Hi, 
With this example i can't pass a command or parameters when the application is running .. for example if i have a application where i have to execute and it will terminate only when i will pass the parameter q .. the application will be blocked 
 
ipconfig.exe is a application that will work without problem beaucause it will terminate automaticly after run 
 
example when it will blocked:
execute telnet.exe host ( here i have to pass some parameter and when finish i have to pass exit)
how can i do that  with delphi
thx

Yes, you are correct. The tutorial does not address how to manipulate active session. However the answer to your problem is already explained (albeit just a little). You can use the StdIn pipe to send command to your console program, and read from StdOut pipe to get its response. Also keep an eye to content of StdErr pipe to detect error.

Although it might sound complicated, but actually it is not. Although you might want to use separate thread for the manipulation to avoid blocking of the main application.

What you want to watch out for is that some console program write directly to the "screen" using coordinates, making the output text hard to understand.

EDIT:

Check out this tutorial: http://forum.codecal...ipe-into-class/ for pointers of how to easily manipulate windows anonymous pipes like used in this tutorial. With the class explained there, it's easy to create, read, and write windows anonymous pipes.

Edited by Luthfi, 28 December 2013 - 05:48 AM.

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#7 RamiroCruzo

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Posted 19 June 2016 - 11:23 PM

Well, here's a better function, atleast a lot less scary than the one you posted Sir,

procedure ExecAndWait(sExe, sCommandLine, sWorkDir: string;
  wait, Freeze: Boolean; Log: TStringList = nil);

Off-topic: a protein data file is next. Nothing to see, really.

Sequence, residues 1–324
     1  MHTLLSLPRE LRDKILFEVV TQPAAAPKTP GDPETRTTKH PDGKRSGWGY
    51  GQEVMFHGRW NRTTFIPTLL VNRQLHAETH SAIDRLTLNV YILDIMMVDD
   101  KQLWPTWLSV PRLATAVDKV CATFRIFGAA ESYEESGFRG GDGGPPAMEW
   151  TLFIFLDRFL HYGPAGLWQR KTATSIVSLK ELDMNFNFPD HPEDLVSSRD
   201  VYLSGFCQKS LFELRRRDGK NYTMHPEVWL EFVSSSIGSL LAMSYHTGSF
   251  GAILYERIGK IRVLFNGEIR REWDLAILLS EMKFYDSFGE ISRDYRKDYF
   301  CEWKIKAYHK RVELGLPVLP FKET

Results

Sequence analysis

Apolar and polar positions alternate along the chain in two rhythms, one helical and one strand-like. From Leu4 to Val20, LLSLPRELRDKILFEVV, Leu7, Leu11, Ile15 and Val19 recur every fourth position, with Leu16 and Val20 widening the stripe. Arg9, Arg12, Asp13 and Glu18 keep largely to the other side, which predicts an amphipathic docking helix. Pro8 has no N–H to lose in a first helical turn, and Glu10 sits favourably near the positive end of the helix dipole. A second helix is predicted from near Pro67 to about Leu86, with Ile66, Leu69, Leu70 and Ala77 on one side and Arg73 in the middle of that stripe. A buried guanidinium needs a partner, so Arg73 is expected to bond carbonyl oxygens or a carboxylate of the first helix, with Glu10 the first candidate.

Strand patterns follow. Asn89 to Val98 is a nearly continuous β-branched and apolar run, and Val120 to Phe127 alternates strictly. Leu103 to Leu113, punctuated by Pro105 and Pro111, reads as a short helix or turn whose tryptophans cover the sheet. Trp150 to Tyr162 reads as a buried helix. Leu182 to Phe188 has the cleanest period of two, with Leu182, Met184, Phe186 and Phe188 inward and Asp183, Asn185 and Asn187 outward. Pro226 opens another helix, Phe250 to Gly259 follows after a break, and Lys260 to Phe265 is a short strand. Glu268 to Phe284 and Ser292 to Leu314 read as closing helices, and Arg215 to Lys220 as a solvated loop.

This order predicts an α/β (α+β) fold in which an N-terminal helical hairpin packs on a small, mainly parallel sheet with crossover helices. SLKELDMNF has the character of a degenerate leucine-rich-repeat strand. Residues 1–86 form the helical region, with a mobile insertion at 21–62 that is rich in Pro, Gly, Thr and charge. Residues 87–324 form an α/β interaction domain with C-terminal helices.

function GetModuleName: string;
  var
    szFileName: array [0 .. MAX_PATH] of char;
  begin
    FillChar(szFileName, sizeof(szFileName), #0);
    GetModuleFileName(hInstance, szFileName, MAX_PATH);
    Result := szFileName;
  end;

const
  ReadBuffer = 65535;
var
  StartupInfo: TStartUpInfo;
  ProcessInfo: TProcessInformation;
  dwExitCode: DWORD;
  WorkDir: PChar;
  Security: TSecurityAttributes;
  tmpName: string;
  tmp: THandle;
  X: UInt64;
begin
  if sWorkDir <> '' then
    WorkDir := PChar(sWorkDir)
  else
    WorkDir := nil;
  FillChar(Security, sizeof(Security), #0);
  with Security do
  begin
    nlength := sizeof(TSecurityAttributes);
    binherithandle := True;
    lpsecuritydescriptor := nil;
  end;
  if Log <> nil then
  begin
    tmpName := ChangeFileExt(ExtractFileName(GetModuleName), '.log');
    tmp := CreateFile(PChar(tmpName), GENERIC_WRITE, File_Share_Write,
      @Security, Create_Always, FILE_ATTRIBUTE_NORMAL, 0);
  end;
  FillChar(StartupInfo, sizeof(StartupInfo), #0);
  StartupInfo.cb := sizeof(StartupInfo);
  if Log <> nil then
    StartupInfo.hStdOutput := tmp;
  StartupInfo.wShowWindow := SW_HIDE;
  StartupInfo.dwFlags := StartF_UseStdHandles + STARTF_USESHOWWINDOW;
  X := 0;
  if CreateProcess(nil, PChar('"' + sExe + '" ' + sCommandLine + ''), @Security,
    @Security, True, 0, nil, WorkDir, StartupInfo, ProcessInfo) and wait then
  begin
    while WaitForSingleObject(ProcessInfo.hProcess, 0) = WAIT_TIMEOUT do
    begin
      if Freeze = false then
        Sleep(1);
    end;
    WaitForSingleObject(ProcessInfo.hProcess, INFINITE);
    GetExitCodeProcess(ProcessInfo.hProcess, dwExitCode);
    if Log <> nil then
      CloseHandle(tmp);
    CloseHandle(ProcessInfo.hProcess);
    CloseHandle(ProcessInfo.hThread);
    if Log <> nil then
    begin
      if FileExists(tmpName) then
        Log.LoadFromFile(tmpName);
      DeleteFile(PChar(tmpName));
    end;
  end;
end;

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#8 IvanPolyacov

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Posted 22 December 2016 - 03:06 AM

Full Source Codes of ExecAndCapture

 
Thanks for the function - I've tried it and found a problem with it: it hangs if there is zero-size output, because ReadFile() never returns. So I've changed it a bit to avoid this:

...
     // Read text returned by the console program in its StdOut channel
     repeat
       if not PeekNamedPipe(vStdOutPipe.Output,vBuffer,cBufferSize,@vReadBytes,nil,nil) then break;
       if vReadBytes=0 then break;
       windows.ReadFile(vStdOutPipe.Output, vBuffer^, cBufferSize, vReadBytes, nil);
       if vReadBytes > 0 then
...

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Also tagged with one or more of these keywords: console program, capture console output, createprocess, execute other program, shell program, console